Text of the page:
So, its not something to be just viewed as "Oh No, we lost a young superstar like Cam Neely, its horrible, and I blame AV for everything cuz he hates Cody..." that was the very first call in my ear buds as I cycled around the seawall today in the sunshine ( one can only watch so many hours of deadline coverage, and after that crescendo of action that always occurs at the end...). Because when you look at it another way, it really was just another example of responding to the vagaries of the business proactively, and "selling high" as it were. It may be cold, but they took an asset and developed it and then filled another hole after careful consideration. He dealt from a position of strength. That is hardly an alarming way of doing business.
This is not really a treatise on the relative merits of Cody Hodgson and Alex Sulzer for Zack Kassian and Mark Andre Gragnani. Not even Sami Pahlsson for an old regime mistake in Taylor Ellington and a couple 4th round picks . I do like all the deals, but then I am a proponent of the "Mike Gillis Foot Fist Way". So, for me, i am going to be positive unless there is evidence to the contrary, and I just don't see that here.
We welcome the new guys and say goodbye to the old. That is just the way it is that we view these things. There will be the inevitable build up of one and the somewhat casual disparaging of the other that happens this time of year. I, for one, think the team just became tougher to play against and deeper, but I am willing to see the opinion of those who don't.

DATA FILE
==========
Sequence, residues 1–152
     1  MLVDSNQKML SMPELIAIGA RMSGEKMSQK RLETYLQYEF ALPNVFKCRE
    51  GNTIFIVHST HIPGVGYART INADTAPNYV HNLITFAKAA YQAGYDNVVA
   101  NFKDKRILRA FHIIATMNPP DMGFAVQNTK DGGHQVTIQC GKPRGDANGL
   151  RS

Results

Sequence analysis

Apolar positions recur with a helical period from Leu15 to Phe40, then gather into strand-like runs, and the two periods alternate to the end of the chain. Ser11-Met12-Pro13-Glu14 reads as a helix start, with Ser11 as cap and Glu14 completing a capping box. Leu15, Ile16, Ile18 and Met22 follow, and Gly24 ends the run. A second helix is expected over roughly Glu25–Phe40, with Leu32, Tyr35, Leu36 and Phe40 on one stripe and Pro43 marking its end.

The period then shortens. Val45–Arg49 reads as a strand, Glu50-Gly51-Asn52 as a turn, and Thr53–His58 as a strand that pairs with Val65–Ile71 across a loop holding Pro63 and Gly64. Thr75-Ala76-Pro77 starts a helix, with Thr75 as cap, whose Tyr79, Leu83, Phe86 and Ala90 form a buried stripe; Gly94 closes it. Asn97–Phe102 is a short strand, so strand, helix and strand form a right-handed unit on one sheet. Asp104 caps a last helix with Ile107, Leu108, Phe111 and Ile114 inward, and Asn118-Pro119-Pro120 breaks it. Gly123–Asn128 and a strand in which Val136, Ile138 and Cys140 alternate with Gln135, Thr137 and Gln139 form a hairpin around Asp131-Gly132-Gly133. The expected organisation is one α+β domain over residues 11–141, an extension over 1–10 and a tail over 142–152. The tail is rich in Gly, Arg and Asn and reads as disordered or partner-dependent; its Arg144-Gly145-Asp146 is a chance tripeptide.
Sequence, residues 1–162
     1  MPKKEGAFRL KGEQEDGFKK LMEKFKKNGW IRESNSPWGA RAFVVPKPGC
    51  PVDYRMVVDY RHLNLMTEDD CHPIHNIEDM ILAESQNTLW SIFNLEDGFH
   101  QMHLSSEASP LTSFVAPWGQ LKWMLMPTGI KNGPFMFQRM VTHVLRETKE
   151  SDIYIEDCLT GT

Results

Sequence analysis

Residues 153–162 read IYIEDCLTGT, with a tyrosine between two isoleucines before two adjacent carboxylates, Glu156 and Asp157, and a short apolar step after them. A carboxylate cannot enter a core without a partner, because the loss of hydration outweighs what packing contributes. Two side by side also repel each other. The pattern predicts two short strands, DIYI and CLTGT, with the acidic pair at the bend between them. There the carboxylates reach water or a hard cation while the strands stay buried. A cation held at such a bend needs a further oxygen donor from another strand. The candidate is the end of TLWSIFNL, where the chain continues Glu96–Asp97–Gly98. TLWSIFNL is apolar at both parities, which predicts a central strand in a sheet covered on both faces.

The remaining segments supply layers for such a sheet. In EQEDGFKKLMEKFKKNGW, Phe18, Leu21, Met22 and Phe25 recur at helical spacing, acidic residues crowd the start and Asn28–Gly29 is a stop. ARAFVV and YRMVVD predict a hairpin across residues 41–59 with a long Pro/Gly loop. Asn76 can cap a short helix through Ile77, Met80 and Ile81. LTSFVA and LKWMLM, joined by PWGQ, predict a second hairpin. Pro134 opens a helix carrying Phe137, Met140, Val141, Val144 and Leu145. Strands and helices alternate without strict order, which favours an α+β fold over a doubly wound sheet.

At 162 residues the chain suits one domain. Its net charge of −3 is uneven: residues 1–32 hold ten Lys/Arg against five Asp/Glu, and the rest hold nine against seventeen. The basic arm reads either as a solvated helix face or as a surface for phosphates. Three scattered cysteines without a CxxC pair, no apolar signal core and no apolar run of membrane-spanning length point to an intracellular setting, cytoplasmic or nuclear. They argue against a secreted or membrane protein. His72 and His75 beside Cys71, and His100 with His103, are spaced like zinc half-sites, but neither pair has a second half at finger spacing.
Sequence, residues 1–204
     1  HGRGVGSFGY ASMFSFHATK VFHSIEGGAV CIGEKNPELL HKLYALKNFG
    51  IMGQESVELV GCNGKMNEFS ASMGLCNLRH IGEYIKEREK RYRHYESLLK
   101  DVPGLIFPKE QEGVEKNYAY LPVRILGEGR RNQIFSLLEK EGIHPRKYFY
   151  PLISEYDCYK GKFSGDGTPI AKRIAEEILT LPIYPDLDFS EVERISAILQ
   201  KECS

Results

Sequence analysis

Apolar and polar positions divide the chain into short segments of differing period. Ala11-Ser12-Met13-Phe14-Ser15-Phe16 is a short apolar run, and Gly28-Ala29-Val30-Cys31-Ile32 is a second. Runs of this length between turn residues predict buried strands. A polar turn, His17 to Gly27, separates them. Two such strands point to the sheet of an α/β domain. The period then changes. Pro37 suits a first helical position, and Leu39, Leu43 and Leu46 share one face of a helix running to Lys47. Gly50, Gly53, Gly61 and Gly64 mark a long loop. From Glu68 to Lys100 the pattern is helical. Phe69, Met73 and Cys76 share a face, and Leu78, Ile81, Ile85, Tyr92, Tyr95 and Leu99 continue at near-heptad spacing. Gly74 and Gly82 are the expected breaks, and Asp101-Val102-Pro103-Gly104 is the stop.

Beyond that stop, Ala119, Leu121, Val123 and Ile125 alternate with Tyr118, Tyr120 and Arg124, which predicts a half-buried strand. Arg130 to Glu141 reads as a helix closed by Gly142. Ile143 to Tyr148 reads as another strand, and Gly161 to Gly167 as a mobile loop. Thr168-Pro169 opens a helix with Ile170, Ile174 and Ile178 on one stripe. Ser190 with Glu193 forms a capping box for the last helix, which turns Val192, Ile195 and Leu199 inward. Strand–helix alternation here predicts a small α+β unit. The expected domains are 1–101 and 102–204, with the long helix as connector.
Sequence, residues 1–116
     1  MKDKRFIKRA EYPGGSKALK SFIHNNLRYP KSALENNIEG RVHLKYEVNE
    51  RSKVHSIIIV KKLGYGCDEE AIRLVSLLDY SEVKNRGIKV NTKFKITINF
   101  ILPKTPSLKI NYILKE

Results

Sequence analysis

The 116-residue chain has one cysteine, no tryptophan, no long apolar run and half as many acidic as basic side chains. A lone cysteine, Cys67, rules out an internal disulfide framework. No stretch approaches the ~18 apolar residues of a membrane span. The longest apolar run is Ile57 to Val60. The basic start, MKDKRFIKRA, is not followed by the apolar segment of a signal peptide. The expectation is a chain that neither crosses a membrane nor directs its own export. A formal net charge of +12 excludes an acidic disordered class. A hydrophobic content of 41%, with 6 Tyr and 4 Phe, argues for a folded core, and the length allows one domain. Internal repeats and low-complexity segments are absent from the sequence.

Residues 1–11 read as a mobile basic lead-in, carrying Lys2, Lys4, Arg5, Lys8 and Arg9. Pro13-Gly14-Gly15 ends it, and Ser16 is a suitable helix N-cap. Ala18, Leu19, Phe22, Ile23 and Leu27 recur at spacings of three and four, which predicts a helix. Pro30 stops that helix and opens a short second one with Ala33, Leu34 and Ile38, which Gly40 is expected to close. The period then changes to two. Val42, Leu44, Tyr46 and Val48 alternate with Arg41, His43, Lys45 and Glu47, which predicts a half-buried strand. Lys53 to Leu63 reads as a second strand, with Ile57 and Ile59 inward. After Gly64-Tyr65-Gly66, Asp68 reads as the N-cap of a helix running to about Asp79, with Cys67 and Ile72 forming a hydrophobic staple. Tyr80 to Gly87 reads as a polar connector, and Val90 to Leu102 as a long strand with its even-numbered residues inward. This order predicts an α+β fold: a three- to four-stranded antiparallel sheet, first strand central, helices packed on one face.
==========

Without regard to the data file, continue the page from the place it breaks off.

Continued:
But when you look at guys like Jannik Hansen, who was the 287th pick in 2004, a round that does not even exist, and their improvement over their careers, or the well known story of one Alexandre Burrows, who played for the Columbia Inferno in that same year, it now has to be through the lens of the current administration. Kevin Bieksa was a 5th round pick 2001. Ryan Kesler was a 1st rounder in '03, and the Sedin Twins who were the signature picks of Brian Burke and his consigliere David Nonis, to say nothing of Alex Edler 91st overall the same year as Hansen, and Cory Schneider 26th overall that same year. They are an impressive list by those previous administrators, no matter their other prodigious misses, but on April 23rd, it will be four years that all these players have worked under the current boss. Kevin Bieksa, Ryan Kesler, and the Twins have all had their best years in that time. The same applies to the last big move of Mr Nonis, Roberto Luongo. As does one Sami Salo. We acknowledge the contributions of past GM's, but four years is enough that you just cannot discount the influence of the current regime.